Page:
Product Announcement from Element Materials Technology
Dramatic crash and rescue
On Thursday, January 15, 2009, New Yorkers watched the crash landing of an Airways Airbus A320, Flight 1549, into the Hudson River. Miraculously, all passengers and crew were rescued from the frigid river and are safe and accounted for.
It may be some time before we have all the answers to this near-tragedy, but according to an air controllers union spokesman, the pilot reported a "double bird strike" less than a minute after take-off and asked to return to the ground, before ditching in the Hudson. The investigators will learn more when the plane is retrieved from the river in the next few days.
Danger in the air
Although modern aviation technology allow aircraft to avoid a great many storms and other dangers, bird strikes and hail still cause millions of dollars in aircraft property damage-not to mention the danger to human life. Bird strikes alone annually cause well over $600 million in damage to U.S. civil and military aircraft.
Element engineers investigate aircraft bird strikes
Element's testing laboratory in Jupiter, Florida utilizes its four air cannons to accommodate simulated and actual bird strikes at velocities up to 690 mph in testing programs for its customers. Element's bird strike/impact facility can handle bird weights from 1.5 to 6.5 pounds. Windshields, nose radomes, fuselage, wing leading edge and landing gear systems are all susceptible to Bird Strike events. High-speed video of this testing is also available to customers. The laboratory has supported defense and aerospace clients with bird strike and other product testing, environmental simulation and systems evaluation programs for over 30 years.
Bird strikes simulated in Florida laboratory
David Lichtman, Element General Manager, said, "Bird strikes pose a very serious risk to aircraft. We run our air cannons regularly for aerospace and aviation clients, continually simulating bird strike conditions to help them assess and improve the performance of their products and components. A bird strike that affects both engines is obviously still a devastating event for most aircraft. We will continue to provide this valuable service to aerospace engineers and designers, and we hope that the information we provide to them may someday result in the reduction or negation of this risk."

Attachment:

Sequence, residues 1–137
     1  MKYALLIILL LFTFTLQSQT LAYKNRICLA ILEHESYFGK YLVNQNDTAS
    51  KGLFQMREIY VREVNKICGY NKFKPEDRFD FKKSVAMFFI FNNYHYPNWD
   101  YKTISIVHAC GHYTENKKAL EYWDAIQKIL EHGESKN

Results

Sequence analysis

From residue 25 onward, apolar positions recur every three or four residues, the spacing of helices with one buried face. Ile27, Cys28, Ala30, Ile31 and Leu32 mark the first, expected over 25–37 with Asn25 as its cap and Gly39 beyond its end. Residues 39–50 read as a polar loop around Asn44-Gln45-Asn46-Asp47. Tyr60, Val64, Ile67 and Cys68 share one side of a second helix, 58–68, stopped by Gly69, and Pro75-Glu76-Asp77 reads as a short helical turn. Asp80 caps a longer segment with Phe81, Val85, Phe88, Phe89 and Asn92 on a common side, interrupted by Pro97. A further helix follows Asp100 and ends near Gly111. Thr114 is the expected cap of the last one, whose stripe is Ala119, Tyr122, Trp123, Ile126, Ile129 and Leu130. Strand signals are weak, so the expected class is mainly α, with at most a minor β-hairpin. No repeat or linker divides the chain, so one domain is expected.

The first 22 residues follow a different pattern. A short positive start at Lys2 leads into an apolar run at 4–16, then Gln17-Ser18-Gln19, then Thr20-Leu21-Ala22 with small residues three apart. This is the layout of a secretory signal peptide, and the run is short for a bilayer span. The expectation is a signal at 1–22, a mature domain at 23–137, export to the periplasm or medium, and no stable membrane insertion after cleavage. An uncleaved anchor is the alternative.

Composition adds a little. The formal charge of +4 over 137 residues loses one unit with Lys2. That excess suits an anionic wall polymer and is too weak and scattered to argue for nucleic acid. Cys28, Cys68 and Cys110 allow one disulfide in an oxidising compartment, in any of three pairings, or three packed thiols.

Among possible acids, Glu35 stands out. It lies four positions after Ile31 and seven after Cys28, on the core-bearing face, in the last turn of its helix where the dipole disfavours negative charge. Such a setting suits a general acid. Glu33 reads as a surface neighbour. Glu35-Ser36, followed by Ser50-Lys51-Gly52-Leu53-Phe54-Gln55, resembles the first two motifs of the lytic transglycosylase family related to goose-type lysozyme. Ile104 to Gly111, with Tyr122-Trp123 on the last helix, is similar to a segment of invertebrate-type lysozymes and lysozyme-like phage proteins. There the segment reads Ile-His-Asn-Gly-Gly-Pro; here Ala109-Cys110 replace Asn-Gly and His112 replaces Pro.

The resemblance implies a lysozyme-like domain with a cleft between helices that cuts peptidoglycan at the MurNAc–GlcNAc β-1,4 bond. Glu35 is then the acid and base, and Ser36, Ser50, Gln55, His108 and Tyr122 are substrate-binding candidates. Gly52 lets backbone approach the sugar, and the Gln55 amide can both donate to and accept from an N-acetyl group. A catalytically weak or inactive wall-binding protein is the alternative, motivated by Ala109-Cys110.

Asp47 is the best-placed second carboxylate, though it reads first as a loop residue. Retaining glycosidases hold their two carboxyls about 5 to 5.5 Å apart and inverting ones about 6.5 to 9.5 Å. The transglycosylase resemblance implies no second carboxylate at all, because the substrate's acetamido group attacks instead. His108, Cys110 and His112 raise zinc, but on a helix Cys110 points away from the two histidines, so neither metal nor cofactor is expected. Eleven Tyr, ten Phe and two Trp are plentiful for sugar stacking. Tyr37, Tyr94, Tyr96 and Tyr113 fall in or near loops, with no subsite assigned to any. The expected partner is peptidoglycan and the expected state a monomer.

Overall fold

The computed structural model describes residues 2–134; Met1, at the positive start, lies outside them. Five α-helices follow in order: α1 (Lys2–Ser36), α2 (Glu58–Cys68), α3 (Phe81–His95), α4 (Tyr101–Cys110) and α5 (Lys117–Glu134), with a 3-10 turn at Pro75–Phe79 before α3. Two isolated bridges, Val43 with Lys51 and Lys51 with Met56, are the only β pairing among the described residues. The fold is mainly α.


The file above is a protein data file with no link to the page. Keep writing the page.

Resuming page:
Element holds approvals from government agencies, major industry groups, and independent bodies. For more information about Element and its wide range of testing services to aerospace, shipboard, safety, telecommunications, nuclear, medical, military, and government industries, contact email@example.com.
Element Jupiter is a member of the Element Materials Technology network of independent testing laboratories in the U.S. and Europe. Element Jupiter provides testing to clients worldwide, specializing in Acoustic Testing, Climatics/Environmental Simulation, Dynamics Testing, Experimental Mechanics, Failure Analysis, Flame/Fire Testing, Hail/Bird Impact Testing, HALT/HASS Testing, High Temperature/Pressure/Flow Testing, Hydraulics/Pneumatics Testing, Nuclear Qualification Testing, Product Testing, Rain/Solid Particulate Erosion Testing, Rotating/Load Simulation, Seismic Simulation, Space Simulation, and Telecommunications Equipment Testing.
Element Materials Technology is a network of independent, accredited laboratories providing testing solutions to industry throughout the U.S. and Europe. Element engineers, scientists, failure analysts, and product development and qualification experts support businesses with materials selection and engineering, materials testing, performance testing, failure analysis and consulting, nondestructive testing and inspection, calibration, construction materials testing and engineering, polymer and advanced materials testing, dimensional inspection, surface treatment, product qualification and development, and more. For more information, please visit the Element Materials Technology website at www.element.com.